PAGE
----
7. Installed the Apex Engineered cross-member and braces today. Seems like a good product, although I am kind of dubious how much rigidity it will add, since the front and rear control arm mounts are directly on the frame and are very close to each other. I do like the multiple adjustable pivot locations the setup provides. I have no idea whether the LS3 oil pan and other ancillaries will clear these parts. I am just going to have to drop in the engine and find out. It took a fair bit of grinding and brute force to get these things to line up, but considering Apex has to produce a "one size fits all" product to fit 45 year old cars, pretty amazing it goes on at all.
  8. Thanks! Wish I had seen that link a couple of weeks ago. That mount looks quite a bit less beefy than mine, so if that car has an LS swap and the mount has held up, I should be sitting pretty.
  9. Yeah I have the big washers, just haven't been using them when mocking things up... Is that your car in the picture? Just wondering how that mount has held up. Regarding the strength of the bolt, I did some math. A grade 10.9 bolt is rated at 150,000 PSI tensile strength. In other words, a bolt with a cross sectional area of one square inch would fail at that load. An M12 bolt has cross sectional area of .17". So, .17 X 150,000 = 25,500 pounds of tension, or just shy of 13 tons for the bolt to fail. And that of course is for one bolt, and the mount uses two. If that isn't enough for us, an ARP stainless bolt is not only pretty, but is rated at 180,000 PSI tensile strength....which without doing the math I'm guessing would knock us up to between 15 and 16 tons of load per bolt. So you could lift a small-medium bulldozer off the ground with one of those bolts. And those ratings are minimums, so it might actually exceed those figures by a fair bit before it broke. So whatever might fail here, I'm not really worried about the M12 bolts. Thanks for the input.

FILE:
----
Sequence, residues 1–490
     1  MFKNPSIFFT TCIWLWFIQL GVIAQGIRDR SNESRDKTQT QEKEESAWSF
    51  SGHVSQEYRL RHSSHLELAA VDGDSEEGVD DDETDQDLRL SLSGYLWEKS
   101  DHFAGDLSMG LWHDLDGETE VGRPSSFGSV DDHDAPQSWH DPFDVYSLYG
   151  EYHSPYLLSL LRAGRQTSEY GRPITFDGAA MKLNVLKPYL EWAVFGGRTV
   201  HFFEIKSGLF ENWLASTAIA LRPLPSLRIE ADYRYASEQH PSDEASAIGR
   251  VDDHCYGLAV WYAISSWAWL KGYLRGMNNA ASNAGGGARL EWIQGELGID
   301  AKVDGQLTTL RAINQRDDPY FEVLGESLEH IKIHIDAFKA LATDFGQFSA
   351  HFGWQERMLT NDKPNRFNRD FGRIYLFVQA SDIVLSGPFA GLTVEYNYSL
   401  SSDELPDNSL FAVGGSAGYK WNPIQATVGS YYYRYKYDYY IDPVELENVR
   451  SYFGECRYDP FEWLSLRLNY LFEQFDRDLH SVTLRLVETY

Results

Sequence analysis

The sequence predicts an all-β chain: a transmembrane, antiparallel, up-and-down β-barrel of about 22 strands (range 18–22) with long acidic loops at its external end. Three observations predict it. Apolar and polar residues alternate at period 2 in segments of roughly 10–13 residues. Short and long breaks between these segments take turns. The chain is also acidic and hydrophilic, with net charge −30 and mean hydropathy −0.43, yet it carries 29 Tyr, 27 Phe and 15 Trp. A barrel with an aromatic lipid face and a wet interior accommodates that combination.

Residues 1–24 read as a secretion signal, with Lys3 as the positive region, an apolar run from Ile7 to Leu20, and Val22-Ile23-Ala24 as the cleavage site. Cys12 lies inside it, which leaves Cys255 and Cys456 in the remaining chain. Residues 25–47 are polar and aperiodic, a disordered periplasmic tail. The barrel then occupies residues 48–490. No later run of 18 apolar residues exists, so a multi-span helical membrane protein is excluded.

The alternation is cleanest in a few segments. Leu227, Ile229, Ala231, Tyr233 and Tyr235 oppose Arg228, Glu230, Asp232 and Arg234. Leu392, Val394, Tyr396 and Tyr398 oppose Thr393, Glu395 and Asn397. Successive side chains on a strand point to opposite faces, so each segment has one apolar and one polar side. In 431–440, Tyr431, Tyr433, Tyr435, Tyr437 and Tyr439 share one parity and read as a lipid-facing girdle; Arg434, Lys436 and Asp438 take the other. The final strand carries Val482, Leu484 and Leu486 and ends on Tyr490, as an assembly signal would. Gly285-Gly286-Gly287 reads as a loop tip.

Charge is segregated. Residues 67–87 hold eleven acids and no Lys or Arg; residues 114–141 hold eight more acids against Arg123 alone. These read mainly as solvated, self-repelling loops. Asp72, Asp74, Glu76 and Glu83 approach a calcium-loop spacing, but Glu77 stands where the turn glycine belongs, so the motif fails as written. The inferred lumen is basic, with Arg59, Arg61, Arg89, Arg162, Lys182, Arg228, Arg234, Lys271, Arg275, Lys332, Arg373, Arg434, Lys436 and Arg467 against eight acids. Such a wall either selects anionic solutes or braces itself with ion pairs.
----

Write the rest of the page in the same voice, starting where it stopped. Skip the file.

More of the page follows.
10. Thanks for the input.... I am definitely going to use what I have made, particularly now since the cross-member is part of it. I am just considering whether to add some bracing similar to what New Zed sketched as insurance. By my thinking, it shouldn't matter much whether the steel supports are above or below the diff tabs, unless there was a chance of the diff snapping the two grade 10.9 M12 bolts holding it in place (I don't think there is...). But what was sketched would add even more strength and rigidity by introducing another chassis tie-in location. I just cannot decide at this point if it would be overkill or not....
  11. Yeah, I was looking over things today and I think I am going to do something like that. The area NewZed is referring to is more or less dead space, and installing a vertical brace up there should provide good insurance against having to re-do all this crap down the road. I would rather do a little extra work now that the car is stripped and not risk having to worry about it later.... Anyway, here is Diff Front Mount V2.0. It should be pretty dang rigid now....as all the forces are now spread out and secured by eight M10 bolts and 4 M6 bolts. Still....better over-engineered than under engineered, so I think V3.0 will be coming soon......😐